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Always Another Goal

May 03, 2024
Corbin Hosler

Yoshihiko Ikawa couldn't seem to get the final few cards out of his hand fast enough.

After three days of intense competition at Pro Tour Thunder Junction last weekend, Ikawa found himself facing down the Faerie Mastermind, Yuta Takahashi. It was the finals of the Pro Tour against a former world champion—you can't draw up a more challenging end—but incredibly, Ikawa was on the verge of closing out the champ, if he could just get through the last few anxious mechanical maneuvers without any mistakes.

There was no need to worry. Before Ikawa could finish resolving his string of spells, his friend and teammate Takahashi extended the handshake, the world champ congratulating the longtime Pro Tour player on a career-defining victory.

Ikawa's teammates on Moriyama Japan mobbed him on the stage, he raised the trophy high, and his beaming smile now graces Magic news across the world. The perfect storybook ending.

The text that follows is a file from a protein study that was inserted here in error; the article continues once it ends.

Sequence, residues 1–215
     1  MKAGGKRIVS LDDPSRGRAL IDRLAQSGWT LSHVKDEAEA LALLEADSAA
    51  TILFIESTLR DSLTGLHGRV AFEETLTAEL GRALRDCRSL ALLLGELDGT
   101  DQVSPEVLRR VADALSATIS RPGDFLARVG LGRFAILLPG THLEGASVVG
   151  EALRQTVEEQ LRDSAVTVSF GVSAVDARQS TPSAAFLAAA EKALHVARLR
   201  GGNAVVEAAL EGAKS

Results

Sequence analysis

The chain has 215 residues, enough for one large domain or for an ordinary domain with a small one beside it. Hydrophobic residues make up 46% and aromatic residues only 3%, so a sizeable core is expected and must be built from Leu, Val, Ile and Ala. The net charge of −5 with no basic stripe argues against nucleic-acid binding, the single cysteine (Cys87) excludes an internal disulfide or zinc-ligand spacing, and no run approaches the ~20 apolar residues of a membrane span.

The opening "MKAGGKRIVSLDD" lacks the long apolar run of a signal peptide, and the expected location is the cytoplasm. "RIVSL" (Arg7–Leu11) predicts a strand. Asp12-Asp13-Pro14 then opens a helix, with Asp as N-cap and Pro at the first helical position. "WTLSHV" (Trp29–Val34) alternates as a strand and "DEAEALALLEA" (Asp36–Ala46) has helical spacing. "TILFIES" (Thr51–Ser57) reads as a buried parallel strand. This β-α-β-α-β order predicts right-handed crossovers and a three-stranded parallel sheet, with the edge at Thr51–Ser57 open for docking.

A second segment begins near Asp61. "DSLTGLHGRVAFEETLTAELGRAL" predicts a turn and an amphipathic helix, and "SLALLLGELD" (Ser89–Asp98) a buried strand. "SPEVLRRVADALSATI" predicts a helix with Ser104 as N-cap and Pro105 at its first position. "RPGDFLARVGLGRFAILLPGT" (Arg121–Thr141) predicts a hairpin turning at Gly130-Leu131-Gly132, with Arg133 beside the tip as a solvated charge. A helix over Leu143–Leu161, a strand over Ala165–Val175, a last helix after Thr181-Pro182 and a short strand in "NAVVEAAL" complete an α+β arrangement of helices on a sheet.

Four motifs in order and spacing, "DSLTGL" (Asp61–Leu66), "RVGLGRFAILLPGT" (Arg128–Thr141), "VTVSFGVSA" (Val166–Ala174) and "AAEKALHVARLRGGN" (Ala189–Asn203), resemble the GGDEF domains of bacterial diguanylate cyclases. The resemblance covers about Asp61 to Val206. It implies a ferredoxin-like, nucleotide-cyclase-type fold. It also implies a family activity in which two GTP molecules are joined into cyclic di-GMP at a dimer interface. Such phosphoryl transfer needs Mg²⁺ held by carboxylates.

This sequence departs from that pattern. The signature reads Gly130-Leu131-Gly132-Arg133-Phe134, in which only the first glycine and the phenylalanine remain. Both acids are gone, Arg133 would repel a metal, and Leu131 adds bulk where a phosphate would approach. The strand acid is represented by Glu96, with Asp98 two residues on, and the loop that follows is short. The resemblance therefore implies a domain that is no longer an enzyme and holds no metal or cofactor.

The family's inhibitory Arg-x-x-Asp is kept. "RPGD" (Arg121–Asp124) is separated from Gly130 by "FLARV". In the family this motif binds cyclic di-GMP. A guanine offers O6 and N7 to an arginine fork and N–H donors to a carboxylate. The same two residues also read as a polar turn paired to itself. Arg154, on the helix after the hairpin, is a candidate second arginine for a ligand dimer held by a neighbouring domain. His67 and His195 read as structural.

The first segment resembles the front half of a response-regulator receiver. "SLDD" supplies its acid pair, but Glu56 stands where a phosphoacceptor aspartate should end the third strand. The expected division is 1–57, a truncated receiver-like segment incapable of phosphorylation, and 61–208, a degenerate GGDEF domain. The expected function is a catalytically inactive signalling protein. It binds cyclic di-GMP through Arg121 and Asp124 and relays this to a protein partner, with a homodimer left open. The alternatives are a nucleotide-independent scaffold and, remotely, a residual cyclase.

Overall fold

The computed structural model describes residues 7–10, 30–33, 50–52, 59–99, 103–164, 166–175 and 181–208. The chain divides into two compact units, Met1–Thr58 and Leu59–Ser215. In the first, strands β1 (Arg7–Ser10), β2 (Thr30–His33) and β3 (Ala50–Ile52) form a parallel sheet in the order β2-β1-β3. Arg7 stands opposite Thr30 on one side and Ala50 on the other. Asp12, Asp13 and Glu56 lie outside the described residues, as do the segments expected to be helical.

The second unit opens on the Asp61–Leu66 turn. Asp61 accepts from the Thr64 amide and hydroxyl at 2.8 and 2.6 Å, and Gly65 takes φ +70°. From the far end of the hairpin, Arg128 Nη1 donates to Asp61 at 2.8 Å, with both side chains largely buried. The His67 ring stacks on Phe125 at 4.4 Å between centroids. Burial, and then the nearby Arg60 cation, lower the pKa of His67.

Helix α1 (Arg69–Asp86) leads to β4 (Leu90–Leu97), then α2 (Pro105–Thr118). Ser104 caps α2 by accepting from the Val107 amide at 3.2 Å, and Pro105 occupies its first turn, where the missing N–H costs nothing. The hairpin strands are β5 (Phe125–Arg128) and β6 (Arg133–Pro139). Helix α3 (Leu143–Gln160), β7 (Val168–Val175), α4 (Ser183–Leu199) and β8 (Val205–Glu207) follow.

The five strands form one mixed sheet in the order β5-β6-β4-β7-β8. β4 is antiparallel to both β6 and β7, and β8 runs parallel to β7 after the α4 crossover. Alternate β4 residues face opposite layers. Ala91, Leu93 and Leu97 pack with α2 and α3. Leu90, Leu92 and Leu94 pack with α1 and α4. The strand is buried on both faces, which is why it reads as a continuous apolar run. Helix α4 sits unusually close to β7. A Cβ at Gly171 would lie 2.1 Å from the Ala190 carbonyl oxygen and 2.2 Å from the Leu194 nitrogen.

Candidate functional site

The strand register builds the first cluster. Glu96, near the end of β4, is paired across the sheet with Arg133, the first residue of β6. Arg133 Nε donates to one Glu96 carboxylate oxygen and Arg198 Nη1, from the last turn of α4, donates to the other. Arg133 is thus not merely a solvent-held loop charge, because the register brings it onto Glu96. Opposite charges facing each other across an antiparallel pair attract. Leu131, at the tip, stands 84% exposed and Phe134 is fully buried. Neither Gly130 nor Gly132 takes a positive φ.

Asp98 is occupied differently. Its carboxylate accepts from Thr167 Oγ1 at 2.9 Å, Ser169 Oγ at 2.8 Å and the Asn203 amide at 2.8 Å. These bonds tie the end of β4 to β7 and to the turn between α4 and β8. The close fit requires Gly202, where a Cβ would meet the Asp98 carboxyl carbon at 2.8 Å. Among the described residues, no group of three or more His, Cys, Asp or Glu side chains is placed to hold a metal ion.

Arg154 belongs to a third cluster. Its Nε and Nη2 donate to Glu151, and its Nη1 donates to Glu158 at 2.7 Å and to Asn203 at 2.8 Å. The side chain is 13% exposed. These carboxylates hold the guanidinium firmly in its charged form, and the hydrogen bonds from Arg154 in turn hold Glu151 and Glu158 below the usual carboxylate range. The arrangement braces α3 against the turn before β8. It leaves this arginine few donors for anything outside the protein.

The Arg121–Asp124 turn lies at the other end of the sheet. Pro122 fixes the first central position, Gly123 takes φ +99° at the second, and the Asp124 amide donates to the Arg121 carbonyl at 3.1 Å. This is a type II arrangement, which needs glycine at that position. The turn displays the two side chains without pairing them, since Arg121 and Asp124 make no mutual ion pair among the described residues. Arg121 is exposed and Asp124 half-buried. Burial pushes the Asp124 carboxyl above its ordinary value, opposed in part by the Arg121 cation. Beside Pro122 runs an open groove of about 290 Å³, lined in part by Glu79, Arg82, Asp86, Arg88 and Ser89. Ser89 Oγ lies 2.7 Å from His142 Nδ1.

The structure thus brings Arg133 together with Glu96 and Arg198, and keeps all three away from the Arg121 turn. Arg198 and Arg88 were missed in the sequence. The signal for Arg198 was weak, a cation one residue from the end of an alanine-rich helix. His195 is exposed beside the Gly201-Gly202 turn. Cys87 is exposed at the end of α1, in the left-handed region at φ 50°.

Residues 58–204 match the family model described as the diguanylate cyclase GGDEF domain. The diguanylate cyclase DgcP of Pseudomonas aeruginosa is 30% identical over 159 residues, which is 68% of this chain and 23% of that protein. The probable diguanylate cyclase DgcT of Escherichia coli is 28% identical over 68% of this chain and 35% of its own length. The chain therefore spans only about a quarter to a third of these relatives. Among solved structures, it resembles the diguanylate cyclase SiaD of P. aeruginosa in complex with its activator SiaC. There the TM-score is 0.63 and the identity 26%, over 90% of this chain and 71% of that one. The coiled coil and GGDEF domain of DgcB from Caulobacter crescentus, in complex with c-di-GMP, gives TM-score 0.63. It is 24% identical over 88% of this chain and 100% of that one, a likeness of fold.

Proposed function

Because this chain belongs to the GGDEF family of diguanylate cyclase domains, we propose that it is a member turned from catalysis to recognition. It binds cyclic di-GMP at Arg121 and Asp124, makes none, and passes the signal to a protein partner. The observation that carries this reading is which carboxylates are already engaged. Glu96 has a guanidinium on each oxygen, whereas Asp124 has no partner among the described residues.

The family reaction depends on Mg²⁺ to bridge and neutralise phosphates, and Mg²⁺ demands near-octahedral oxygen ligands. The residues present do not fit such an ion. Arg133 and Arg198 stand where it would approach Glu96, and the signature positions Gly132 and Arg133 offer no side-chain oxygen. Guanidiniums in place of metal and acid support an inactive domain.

Ikawa is a Magic lifer; he first picked up Magic in the year 2000 and soon began to level up among his local community in Japan. He went on to pick up a Top Finish with a Top 8 at Pro Tour San Diego in 2010 and became a stalwart of the regional Grand Prix circuit. It was more than a respectable career; it was a standout from a region of standouts.

But Ikawa wasn't done. He kept at Magic, kept committing to the process of the Pro Tour, and was rewarded for it with a finals appearance at the Mythic Championship that Autumn Burchett famously won with Burchett (Mono-)Blue in 2019.

Still Ikawa wasn't done. He made it back to another finals, this time the Champions Cup Final for the Regional Championship title in Japan, and closed it out with a victory. But most important to him was the invitation back to the Pro Tour, five years after that last Top Finish ended against Burchett.